The Republic Story will...

John G. Swanson
December 8, 2008
THE TALK... | Management

Survey Results for 12/10/2008:

The Republic story will…

Have no impact on the industry as a whole

  

 

67.51%

 

Actually be helpful in raising the industry profile

  

 

17.26%

 

Tarnish the industry image

  

 

15.23%

 

The Republic saga appears to be over and the general sense among readers appears to be that the flurry of national attention the story received will have little impact on our industry. And they may be right. Just one week after the sit-in ended, the story has faded from the headlines.

“I believe this really won’t have any effect on the window and door business, other than raising the level of awareness that windows are actually produced somewhere other than Bayport, Minn.,” writes Bob Maynes, VP of marketing at Matthews Bros., a window manufacturer based in Maine. “My expectation was that in three days, no one would remember this story.” He offers one caveat, however. People will remember Rod Blagojevich, he continues, including the image of him at the sit-in and “challenging reporters to ‘bug’ him (‘I don’t care if you tape me privately or notoriously [sic].’).” The image “is forever burned in my memory,” Maynes states. “Thank God for Chicago politics.”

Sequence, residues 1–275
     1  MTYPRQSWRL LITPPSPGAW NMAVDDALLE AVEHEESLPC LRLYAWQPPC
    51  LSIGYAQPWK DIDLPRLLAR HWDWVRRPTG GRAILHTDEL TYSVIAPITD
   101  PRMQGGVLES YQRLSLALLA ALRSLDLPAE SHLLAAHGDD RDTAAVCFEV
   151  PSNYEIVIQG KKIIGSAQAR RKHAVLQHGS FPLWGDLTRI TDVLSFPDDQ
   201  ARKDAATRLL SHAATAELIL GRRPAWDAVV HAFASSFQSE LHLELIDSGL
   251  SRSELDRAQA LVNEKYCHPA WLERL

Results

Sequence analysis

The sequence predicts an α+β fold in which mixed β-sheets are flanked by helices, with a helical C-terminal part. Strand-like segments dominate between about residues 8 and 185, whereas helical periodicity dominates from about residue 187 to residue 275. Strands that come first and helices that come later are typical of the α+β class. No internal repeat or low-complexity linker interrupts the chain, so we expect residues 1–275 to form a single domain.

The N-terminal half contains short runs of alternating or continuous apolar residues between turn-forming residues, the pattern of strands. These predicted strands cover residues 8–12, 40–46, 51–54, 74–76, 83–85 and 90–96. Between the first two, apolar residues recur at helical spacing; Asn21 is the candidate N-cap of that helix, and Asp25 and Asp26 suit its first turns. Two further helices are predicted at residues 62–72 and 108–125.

“It's funny how something that on the surface seems negative but in some ways becomes a positive,” writes Phillip LaShum of Dapa Products Inc. “Because friends and family know we are involved in the window industry, I have had more people ask me about the industry this week than any other week I can remember. It's all because they saw something about Republic Window on the news. So, in a weird sort of way, it has drawn more attention to the industry.”

The reason Republic’s workers received so much sympathy was an undercurrent of resentment in the country toward bankers and others in the financial community in the wake of the Wall Street bail-out. That story isn’t going away, and feelings and frustrations about the bail-out were shared by WDweekly readers also. Terry Wiens of Wiens Home Improvement in Hutchinson, Kan., writes:

“Personally, I’m much more concerned with the whole ‘bailout’ scenario and what the outcome will be from that. I don’t like the way we are tampering with the basic principles of capitalism and I think it will all come back to haunt us. Politician’s getting involved in the business world is about as scary as it can get, in my opinion. They can’t run the government efficiently and I sure don’t want them meddling in my business.

“We are only four years old here and although it is slower now than it has been, there is still business out there if you work for it. The whiners and complainers always see the glass half empty and will likely get out of the business at some point. A little shake-up every now and then is good…cream skimmers will take a hike and the rest of us will be left to grow and prosper once this is all past us.”

A Michigan based window dealer writes:

“As I read and listen to more information about the Republic situation, I cannot help but compare this sit-in in a very broad sense to similar actions in the 1930's. Then it was workers united against corporate greed in the form of the manufacturers. Now, ironically, as the economy has shifted from manufacturing dominated to service dominated, the bank gets the brunt of the bad publicity.